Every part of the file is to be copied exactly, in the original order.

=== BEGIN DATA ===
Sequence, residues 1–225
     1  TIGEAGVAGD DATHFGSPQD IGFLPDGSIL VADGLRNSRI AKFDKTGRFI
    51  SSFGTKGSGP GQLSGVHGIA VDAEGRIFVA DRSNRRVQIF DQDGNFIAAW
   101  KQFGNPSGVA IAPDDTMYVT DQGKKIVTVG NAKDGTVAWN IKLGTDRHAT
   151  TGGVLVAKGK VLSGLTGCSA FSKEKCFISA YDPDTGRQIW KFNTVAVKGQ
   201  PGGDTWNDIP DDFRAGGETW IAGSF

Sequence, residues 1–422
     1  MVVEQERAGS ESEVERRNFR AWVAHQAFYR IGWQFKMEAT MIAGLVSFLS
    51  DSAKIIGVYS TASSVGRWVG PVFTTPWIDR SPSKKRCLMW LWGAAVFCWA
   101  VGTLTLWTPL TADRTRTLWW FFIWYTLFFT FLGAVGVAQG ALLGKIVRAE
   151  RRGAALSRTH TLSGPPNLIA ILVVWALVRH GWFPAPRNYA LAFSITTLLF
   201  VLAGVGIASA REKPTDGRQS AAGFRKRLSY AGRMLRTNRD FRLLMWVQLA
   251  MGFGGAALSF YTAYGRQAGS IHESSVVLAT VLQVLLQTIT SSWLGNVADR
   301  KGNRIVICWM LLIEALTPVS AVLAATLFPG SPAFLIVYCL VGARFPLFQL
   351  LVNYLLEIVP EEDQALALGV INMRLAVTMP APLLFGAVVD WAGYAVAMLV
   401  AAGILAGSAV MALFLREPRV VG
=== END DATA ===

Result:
Sequence, residues 1–225
     1  TIGEAGVAGD DATHFGSPQD IGFLPDGSIL VADGLRNSRI AKFDKTGRFI
    51  SSFGTKGSGP GQLSGVHGIA VDAEGRIFVA DRSNRRVQIF DQDGNFIAAW
   101  KQFGNPSGVA IAPDDTMYVT DQGKKIVTVG NAKDGTVAWN IKLGTDRHAT
   151  TGGVLVAKGK VLSGLTGCSA FSKEKCFISA YDPDTGRQIW KFNTVAVKGQ
   201  PGGDTWNDIP DDFRAGGETW IAGSF

Sequence, residues 1–422
     1  MVVEQERAGS ESEVERRNFR AWVAHQAFYR IGWQFKMEAT MIAGLVSFLS
    51  DSAKIIGVYS TASSVGRWVG PVFTTPWIDR SPSKKRCLMW LWGAAVFCWA
   101  VGTLTLWTPL TADRTRTLWW FFIWYTLFFT FLGAVGVAQG ALLGKIVRAE
   151  RRGAALSRTH TLSGPPNLIA ILVVWALVRH GWFPAPRNYA LAFSITTLLF
   201  VLAGVGIASA REKPTDGRQS AAGFRKRLSY AGRMLRTNRD FRLLMWVQLA
   251  MGFGGAALSF YTAYGRQAGS IHESSVVLAT VLQVLLQTIT SSWLGNVADR
   301  KGNRIVICWM LLIEALTPVS AVLAATLFPG SPAFLIVYCL VGARFPLFQL
   351  LVNYLLEIVP EEDQALALGV INMRLAVTMP APLLFGAVVD WAGYAVAMLV
   401  AAGILAGSAV MALFLREPRV VG